Monday, October 22, 2007

Are all English teachers running from something?

I’ve had a theory for some time now that many career EFL teachers are running from the law or some other problem in their home country. The recent arrest of Christopher Paul Neil – the alleged Canadian pedophile – only furthers my belief. He had been, as you may recall, teaching English in South Korea and other Asian countries for the past several years. When details of his employment history were made public, I was not at all surprised.

There are plenty of nice people teaching English abroad, but most of them decide after a few years that they want something more out of life. There are those who make it to a Director of Studies position or an extremely cushy, well-paid teaching job, so it makes sense to keep at it. But unless you can get one of these EFL positions that commands more pay and more respect, there’s very little reason to be in TEFL for more than a few years.

And yet there are plenty of people (mostly men) who stay at it. And I can’t figure out why. They complain about their pay and their hours, as they should. So they’re not in it for the money or the job itself. They spend all of their time in British pubs, watching British sports, drinking British beer, eating British (or Indian) food, and speaking English. So they’re not, presumably, here for the language or culture.

So why are they here? I have narrowed it down to two main reasons:

1) Laziness: As much as they complain about the hours and pay, they still get three months of holiday each year, and English teaching is the type of job you can do with minimal effort.

2) They are running from the law/an ex/their families/responsibility: A lot of these guys who are apparently in love with their own culture, language, sport, and food never bother going home. That, to me, is suspicious. If the imported thing is so great, surely the real thing must be better… Not to mention seeing their friends and family. And yet they don’t go home… Strange…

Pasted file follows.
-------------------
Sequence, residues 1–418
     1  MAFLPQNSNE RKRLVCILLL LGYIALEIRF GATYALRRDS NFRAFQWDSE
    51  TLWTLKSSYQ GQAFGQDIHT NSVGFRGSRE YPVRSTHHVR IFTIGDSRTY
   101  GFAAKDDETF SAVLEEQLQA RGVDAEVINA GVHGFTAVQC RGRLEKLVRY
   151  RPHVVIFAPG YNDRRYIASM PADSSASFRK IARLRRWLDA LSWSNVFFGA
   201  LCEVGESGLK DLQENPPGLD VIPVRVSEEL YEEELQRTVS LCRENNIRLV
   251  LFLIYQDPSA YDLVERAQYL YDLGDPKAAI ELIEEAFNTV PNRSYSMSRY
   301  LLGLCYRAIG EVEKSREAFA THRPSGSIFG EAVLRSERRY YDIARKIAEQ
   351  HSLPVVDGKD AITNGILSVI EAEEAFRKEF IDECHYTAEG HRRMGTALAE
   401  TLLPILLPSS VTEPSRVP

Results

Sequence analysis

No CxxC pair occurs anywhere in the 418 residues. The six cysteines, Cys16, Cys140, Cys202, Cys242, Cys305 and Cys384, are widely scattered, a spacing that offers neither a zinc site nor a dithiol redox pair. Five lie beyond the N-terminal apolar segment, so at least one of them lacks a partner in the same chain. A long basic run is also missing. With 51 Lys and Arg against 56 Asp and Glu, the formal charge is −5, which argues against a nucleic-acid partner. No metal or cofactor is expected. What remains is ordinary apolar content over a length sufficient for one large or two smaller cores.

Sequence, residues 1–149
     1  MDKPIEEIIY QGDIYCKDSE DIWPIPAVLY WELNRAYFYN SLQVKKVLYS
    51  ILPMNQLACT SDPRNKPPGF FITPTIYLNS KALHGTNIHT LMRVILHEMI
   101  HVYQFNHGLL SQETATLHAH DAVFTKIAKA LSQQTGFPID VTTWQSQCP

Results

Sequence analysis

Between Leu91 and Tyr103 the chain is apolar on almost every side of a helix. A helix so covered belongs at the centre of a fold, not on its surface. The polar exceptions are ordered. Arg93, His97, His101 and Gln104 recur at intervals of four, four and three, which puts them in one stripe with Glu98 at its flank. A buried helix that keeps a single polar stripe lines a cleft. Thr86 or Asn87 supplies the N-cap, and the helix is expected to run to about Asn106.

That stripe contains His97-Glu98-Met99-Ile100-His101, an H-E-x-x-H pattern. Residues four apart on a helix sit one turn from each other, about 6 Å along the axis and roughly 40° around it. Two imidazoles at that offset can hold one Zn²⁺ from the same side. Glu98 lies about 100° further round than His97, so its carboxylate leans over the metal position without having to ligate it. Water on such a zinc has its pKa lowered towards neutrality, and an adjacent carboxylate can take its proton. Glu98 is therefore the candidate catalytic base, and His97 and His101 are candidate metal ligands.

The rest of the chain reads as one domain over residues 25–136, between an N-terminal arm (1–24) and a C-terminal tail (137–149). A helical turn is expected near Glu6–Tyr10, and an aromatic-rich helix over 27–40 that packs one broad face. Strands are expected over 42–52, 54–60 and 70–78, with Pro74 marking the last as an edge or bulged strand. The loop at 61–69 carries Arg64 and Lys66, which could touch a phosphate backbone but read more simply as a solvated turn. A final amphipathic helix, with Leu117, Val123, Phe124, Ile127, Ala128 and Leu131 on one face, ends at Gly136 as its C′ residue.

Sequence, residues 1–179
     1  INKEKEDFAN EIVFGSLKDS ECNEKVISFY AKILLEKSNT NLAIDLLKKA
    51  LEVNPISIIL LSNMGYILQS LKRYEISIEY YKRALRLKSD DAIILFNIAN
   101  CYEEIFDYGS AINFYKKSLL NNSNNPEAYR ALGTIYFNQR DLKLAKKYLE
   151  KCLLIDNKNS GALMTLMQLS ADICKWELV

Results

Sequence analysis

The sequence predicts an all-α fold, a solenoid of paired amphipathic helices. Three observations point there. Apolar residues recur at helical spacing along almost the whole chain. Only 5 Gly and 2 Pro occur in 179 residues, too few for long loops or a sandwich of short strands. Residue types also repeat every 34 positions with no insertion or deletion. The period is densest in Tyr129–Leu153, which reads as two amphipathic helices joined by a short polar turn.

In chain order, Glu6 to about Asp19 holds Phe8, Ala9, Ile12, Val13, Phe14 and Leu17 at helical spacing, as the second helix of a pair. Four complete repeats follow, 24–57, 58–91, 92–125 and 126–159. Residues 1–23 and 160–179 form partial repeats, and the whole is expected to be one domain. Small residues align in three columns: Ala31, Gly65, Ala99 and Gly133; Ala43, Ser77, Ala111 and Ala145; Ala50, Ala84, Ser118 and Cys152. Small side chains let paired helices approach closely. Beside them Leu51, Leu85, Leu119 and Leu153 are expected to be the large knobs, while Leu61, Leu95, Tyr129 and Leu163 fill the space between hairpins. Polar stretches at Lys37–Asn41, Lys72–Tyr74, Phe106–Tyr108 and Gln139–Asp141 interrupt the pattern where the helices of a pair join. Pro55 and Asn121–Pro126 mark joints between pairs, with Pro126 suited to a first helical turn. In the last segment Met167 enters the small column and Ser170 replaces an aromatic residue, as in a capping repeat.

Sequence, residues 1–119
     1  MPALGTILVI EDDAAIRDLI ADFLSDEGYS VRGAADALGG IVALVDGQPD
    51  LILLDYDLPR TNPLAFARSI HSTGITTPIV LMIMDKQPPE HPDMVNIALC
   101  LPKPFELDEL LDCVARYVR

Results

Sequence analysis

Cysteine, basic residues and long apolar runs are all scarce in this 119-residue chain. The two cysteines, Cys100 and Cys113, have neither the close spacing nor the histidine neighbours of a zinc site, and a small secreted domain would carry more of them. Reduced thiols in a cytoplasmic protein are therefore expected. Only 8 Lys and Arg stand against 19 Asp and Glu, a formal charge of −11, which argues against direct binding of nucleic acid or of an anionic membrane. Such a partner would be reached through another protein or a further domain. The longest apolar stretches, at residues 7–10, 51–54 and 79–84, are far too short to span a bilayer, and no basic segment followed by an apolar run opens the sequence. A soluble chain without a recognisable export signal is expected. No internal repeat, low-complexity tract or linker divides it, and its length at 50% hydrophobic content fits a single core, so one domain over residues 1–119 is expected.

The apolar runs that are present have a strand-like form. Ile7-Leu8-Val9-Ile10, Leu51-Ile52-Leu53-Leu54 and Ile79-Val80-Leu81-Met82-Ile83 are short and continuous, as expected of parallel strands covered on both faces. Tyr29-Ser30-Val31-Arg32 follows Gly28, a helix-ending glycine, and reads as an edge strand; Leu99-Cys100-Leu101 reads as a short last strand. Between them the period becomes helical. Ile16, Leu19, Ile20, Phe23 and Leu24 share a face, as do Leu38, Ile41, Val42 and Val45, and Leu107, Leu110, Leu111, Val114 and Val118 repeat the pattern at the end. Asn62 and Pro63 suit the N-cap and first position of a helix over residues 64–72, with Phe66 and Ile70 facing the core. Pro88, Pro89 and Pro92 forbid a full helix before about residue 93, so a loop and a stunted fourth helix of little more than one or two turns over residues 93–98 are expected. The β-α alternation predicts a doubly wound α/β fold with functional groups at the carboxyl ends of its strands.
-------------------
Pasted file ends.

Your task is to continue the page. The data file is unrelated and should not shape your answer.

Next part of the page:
7 comments: said...

This article is a little offensive, just plain wrong and exposes your lack of experience. Some of us "male" (and "female") teachers have figured out how to make a killing teaching English. Maybe it's time you start asking around and figure out how to do so yourself.

eslhell said...

I apologize if you find it offensive. As I said in the post, "There are plenty of nice people teaching English abroad...", so I am by no means saying that all English teachers are creeps. I am talking in the post specifically about the people who claim to hate the job and Madrid, make very little money, are not interested in Spanish language or culture or food, and yet have no desire to go back to their own country (which they supposedly love). As for making a killing, I also said that some do get DoS jobs or get a well-paid teaching job.. but for those who don't, I see little reason to stay in it. It's just my opinion. said...

Thank you for the clarification. If you're speaking only about the "cynical" pub crowd, that's different. There are some good jobs out there and English teachers, like me, who rarely go out because they have families to take care of, etc. In your article, it sounds as if all teachers are like the pub crowd. I actually admire their way of life because I have to work all the time, but it's a bit like the grasshopper and the ant, ain't it? I'm obviously an "ant," and by the way, I still complain about the money and hours. It can be a jungle, but I've got to pay the bills.

Ian said...

Whilst this piece of crap was written some time ago, I cannot leave it uncommented.

I'm not even a teacher, but if I were, I would find both the subject, and the content offensive, not thought out, and just plain provocative.
I suggest you study facts, rather than making such generalisations with your "theories".
I am surprised the moderators have not removed it, and kicked the author out. They are not doing their jobs.